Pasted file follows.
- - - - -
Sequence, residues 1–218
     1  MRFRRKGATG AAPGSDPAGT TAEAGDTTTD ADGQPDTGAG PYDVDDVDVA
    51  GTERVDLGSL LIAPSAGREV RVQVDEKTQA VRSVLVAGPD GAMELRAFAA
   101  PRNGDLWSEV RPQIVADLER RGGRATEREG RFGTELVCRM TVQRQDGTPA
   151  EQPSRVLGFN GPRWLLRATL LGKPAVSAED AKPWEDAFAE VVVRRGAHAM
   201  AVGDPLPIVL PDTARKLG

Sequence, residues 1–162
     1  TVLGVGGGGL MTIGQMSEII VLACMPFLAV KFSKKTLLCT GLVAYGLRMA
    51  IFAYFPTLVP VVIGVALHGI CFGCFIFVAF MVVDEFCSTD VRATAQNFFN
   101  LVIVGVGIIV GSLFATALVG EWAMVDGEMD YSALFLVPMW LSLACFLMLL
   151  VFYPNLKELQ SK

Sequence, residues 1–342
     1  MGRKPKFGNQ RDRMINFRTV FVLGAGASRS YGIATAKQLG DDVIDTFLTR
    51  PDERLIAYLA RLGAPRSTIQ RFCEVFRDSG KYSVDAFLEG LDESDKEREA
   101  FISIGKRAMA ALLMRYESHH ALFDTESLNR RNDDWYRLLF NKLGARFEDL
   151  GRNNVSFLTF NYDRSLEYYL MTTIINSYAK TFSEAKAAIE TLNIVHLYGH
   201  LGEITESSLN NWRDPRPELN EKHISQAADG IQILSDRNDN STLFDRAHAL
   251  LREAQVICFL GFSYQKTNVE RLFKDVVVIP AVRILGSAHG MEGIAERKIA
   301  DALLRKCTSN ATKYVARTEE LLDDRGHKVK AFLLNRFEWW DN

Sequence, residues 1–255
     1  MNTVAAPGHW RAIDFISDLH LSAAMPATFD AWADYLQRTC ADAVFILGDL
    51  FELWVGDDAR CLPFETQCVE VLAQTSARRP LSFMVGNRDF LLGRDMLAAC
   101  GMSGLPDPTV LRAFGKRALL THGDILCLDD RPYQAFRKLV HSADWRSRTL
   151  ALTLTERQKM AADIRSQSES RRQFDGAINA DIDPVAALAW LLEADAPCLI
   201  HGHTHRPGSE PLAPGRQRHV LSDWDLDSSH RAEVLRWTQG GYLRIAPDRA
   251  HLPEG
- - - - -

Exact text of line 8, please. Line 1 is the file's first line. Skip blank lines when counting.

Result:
     1  TVLGVGGGGL MTIGQMSEII VLACMPFLAV KFSKKTLLCT GLVAYGLRMA